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Plattypus

Glaze Fit, Clay Bodies And Cones

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I teach Middle School Art. For years I used Amaco clay without much satisfaction. A couple of years ago I switched to a Standard clay because my High School Ceramics colleague was using it. Standard #306 I believe that it's range is 4-10. We have been bisque firing it still at cone 04 as we had done in the past... many of the glazes we use direct that (and I figured my colleague knew better than me)

 

Last year I purchase some cone 6 glazes and much prefer their effects. My colleague doesn't want to fire in this range due to the increase in kiln deterioration.

I read the recent posts on firing and now understand what the pinging is about...

 

Since my clay order for next year has been placed and is still the standard 306, to what cone should I bisque and which glaze temps are best? The majority of my glazes are 06-05. Can someone recommend a best case scenario for my situation? AND do you have another recommendation for future years? I would prefer a warm color clay body, would like nice interesting surfaces and can't afford to be to too rough on my kilns... the only control I have for the kiln is time and/or the Dawson kiln sitter.

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I teach Middle School Art. For years I used Amaco clay without much satisfaction. A couple of years ago I switched to a Standard clay because my High School Ceramics colleague was using it. Standard #306 I believe that it's range is 4-10. We have been bisque firing it still at cone 04 as we had done in the past... many of the glazes we use direct that (and I figured my colleague knew better than me)

 

Last year I purchase some cone 6 glazes and much prefer their effects. My colleague doesn't want to fire in this range due to the increase in kiln deterioration.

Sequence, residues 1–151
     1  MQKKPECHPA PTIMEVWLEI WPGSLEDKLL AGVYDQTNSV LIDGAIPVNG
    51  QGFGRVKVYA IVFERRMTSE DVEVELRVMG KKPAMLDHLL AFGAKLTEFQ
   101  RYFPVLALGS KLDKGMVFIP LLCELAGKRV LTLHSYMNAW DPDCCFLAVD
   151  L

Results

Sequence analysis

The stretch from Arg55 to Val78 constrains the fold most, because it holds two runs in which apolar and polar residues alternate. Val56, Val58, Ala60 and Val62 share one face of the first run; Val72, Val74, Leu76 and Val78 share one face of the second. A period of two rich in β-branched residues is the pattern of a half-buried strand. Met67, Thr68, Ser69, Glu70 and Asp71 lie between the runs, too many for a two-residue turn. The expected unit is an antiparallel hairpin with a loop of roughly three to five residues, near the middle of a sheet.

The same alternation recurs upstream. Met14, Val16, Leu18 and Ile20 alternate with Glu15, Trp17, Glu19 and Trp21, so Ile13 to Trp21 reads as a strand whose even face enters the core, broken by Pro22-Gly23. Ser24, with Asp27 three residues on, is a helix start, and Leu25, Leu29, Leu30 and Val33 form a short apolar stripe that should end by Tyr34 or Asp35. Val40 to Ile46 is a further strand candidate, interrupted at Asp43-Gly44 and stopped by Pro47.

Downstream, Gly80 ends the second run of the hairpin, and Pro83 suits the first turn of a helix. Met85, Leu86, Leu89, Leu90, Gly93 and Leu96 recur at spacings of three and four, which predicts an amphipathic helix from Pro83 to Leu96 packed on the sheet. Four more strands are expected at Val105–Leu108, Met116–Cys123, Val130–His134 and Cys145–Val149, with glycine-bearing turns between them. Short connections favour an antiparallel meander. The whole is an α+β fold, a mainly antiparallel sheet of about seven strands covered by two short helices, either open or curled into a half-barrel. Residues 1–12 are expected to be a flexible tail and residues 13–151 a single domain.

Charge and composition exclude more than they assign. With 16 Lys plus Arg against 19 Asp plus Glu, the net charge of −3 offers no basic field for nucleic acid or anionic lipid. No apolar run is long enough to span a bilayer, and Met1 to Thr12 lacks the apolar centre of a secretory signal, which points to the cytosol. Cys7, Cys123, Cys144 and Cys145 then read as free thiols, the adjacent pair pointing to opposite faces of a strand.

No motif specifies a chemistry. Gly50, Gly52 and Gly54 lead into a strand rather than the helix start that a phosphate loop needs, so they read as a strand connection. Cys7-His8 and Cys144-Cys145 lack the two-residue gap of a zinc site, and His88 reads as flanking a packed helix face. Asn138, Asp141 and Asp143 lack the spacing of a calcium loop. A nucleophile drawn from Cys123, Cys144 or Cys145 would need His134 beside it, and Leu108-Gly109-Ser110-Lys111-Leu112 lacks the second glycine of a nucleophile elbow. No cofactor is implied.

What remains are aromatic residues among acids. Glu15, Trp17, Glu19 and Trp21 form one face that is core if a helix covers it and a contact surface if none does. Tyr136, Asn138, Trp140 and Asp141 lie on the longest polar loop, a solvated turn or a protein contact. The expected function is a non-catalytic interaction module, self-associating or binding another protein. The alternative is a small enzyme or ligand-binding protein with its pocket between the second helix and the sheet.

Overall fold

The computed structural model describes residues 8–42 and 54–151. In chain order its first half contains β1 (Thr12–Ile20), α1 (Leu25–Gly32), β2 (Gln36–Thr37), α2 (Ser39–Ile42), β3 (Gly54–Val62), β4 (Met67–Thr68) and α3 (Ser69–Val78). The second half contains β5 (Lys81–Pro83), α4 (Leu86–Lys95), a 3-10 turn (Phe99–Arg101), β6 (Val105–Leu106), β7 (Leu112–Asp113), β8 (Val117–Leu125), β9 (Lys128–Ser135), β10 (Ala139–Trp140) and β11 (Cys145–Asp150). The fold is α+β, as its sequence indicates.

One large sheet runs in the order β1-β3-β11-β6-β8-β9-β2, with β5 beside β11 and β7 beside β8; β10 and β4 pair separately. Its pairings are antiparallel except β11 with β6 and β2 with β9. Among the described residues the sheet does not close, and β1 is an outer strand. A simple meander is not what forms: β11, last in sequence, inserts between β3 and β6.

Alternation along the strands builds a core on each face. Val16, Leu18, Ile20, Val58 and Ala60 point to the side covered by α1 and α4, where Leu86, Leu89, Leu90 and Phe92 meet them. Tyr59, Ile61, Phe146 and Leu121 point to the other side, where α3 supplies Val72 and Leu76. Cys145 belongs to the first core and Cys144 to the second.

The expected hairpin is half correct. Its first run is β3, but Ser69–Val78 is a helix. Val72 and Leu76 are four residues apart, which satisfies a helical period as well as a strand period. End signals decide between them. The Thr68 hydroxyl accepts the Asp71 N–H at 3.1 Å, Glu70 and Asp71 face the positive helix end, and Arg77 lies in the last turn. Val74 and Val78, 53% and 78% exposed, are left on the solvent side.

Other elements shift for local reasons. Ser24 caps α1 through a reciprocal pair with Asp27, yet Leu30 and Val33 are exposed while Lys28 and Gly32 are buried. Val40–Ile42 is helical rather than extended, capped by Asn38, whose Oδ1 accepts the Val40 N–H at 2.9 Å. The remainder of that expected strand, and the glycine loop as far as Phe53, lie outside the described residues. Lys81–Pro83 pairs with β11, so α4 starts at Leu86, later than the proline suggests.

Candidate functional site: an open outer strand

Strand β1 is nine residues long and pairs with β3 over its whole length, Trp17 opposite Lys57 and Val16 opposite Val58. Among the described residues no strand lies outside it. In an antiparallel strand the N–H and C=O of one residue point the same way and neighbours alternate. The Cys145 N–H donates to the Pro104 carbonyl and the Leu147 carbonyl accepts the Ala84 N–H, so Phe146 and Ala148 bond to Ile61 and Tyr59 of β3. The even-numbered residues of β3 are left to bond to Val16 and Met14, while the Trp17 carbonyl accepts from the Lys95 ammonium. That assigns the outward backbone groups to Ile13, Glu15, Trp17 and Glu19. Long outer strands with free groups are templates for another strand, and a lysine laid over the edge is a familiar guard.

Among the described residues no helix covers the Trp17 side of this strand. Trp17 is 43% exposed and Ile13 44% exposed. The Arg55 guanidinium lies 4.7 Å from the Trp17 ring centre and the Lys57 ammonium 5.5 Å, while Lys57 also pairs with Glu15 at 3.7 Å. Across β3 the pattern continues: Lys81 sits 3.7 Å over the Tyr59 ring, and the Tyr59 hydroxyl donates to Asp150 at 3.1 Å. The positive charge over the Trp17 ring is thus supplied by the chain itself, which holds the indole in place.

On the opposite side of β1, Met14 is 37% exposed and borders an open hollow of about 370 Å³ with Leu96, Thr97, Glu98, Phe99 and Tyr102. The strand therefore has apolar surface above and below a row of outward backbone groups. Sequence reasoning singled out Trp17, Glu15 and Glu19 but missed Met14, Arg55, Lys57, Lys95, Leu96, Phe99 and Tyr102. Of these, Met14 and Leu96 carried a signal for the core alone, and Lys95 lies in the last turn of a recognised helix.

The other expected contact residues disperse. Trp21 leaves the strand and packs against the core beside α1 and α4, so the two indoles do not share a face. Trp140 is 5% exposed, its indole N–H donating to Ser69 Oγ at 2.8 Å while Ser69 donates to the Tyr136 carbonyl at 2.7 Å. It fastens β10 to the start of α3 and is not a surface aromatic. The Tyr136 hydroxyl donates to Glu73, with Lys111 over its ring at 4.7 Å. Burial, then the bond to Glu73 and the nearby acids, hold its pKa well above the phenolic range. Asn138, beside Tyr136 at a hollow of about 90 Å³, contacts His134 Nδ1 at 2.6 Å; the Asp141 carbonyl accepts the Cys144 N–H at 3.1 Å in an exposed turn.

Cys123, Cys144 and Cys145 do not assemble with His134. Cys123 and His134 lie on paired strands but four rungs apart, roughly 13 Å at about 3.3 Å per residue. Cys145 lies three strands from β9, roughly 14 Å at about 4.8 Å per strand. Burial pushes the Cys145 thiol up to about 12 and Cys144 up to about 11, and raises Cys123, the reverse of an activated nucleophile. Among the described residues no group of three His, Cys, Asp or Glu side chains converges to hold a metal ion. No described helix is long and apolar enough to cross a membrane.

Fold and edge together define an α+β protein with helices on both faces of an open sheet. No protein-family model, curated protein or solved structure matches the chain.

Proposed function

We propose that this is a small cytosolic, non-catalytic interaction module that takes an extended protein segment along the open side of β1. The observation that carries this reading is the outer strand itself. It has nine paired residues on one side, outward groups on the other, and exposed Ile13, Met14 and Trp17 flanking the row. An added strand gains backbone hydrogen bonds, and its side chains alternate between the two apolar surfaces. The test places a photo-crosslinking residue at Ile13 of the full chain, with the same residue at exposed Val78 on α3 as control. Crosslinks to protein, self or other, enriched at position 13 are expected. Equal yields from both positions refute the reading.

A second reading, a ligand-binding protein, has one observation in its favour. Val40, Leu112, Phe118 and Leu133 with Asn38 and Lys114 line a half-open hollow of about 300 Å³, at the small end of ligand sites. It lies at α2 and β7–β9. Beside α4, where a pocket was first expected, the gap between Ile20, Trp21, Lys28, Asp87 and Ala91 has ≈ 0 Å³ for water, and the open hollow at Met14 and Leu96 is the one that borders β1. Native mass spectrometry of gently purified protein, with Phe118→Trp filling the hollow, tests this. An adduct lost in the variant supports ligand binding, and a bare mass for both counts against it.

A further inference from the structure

I read the recent posts on firing and now understand what the pinging is about...

 

Since my clay order for next year has been placed and is still the standard 306, to what cone should I bisque and which glaze temps are best? The majority of my glazes are 06-05. Can someone recommend a best case scenario for my situation? AND do you have another recommendation for future years? I would prefer a warm color clay body, would like nice interesting surfaces and can't afford to be to too rough on my kilns... the only control I have for the kiln is time and/or the Dawson kiln sitter.

 

Standard also has beautiful glazes that are well suited for their clays. I would recommend Standard glazes for Standard clay. Before your purchases ask which glazes contain zinc (which can affect your underglazes if you are using any).

Straight firing of bisque and gloss isn't ‘rough’ on a kiln.

Your clay has a large firing range so I recommend testing to see what happens with your chosen glazes. Cone 04 bisque is a norm but check with Standard about the recommended bisque firing temperature of their clays. Maturation point of the glaze should coincide or correspond to the maturation point of the clay. You can get some beautiful glaze results at Cone 5. If a kiln is rated as such it can be fired high and/or low. Do you have the kiln manual?

 

 

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Since the majority of your glazes are ^05 and ^06, then continue to bisque at ^04. I believe most low fire glaze manufacturers recommend bisquing a minimum of one cone higher than what your fire for glazing.

 

For the future, your real challenge is not picking a clay body, but getting your high school counterpart to understand firing to ^6 is not going to increase the rate of deterioration of your school's kiln. Assuming the kiln is in good condition and is rated to fire to ^6 or higher, then you will not be overstressing the kiln or its elements or leading the kiln to a premature death. My sense is you are more likely to damage elements from a too thick, not bone dry piece blowing up inside the kiln than you are from increasing the glaze firings to ^6.

 

Standard has a wide selection of mid-range clay bodies that work well, have nice color, and are vitrified at ^6. I like their 112, Speckled Brown and 308, Brooklyn Red. Their 266 Dark Brown is great, but would not suggest using that with children due to the addition of manganese in the clay body.